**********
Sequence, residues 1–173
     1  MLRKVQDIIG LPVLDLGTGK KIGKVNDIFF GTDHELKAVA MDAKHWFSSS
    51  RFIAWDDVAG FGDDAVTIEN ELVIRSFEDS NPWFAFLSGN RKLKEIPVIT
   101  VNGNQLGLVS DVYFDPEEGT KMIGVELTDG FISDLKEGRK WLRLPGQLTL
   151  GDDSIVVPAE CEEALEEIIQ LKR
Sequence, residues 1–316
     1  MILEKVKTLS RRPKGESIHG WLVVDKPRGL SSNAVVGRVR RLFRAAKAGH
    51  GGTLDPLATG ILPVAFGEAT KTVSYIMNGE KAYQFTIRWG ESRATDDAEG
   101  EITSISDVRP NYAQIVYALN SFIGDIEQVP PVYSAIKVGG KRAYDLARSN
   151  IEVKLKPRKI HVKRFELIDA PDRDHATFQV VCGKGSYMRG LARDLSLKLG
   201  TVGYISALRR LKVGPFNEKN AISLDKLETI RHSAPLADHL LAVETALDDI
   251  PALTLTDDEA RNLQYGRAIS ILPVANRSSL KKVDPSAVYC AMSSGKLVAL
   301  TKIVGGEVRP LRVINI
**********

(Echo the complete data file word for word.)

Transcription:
Sequence, residues 1–173
     1  MLRKVQDIIG LPVLDLGTGK KIGKVNDIFF GTDHELKAVA MDAKHWFSSS
    51  RFIAWDDVAG FGDDAVTIEN ELVIRSFEDS NPWFAFLSGN RKLKEIPVIT
   101  VNGNQLGLVS DVYFDPEEGT KMIGVELTDG FISDLKEGRK WLRLPGQLTL
   151  GDDSIVVPAE CEEALEEIIQ LKR
Sequence, residues 1–316
     1  MILEKVKTLS RRPKGESIHG WLVVDKPRGL SSNAVVGRVR RLFRAAKAGH
    51  GGTLDPLATG ILPVAFGEAT KTVSYIMNGE KAYQFTIRWG ESRATDDAEG
   101  EITSISDVRP NYAQIVYALN SFIGDIEQVP PVYSAIKVGG KRAYDLARSN
   151  IEVKLKPRKI HVKRFELIDA PDRDHATFQV VCGKGSYMRG LARDLSLKLG
   201  TVGYISALRR LKVGPFNEKN AISLDKLETI RHSAPLADHL LAVETALDDI
   251  PALTLTDDEA RNLQYGRAIS ILPVANRSSL KKVDPSAVYC AMSSGKLVAL
   301  TKIVGGEVRP LRVINI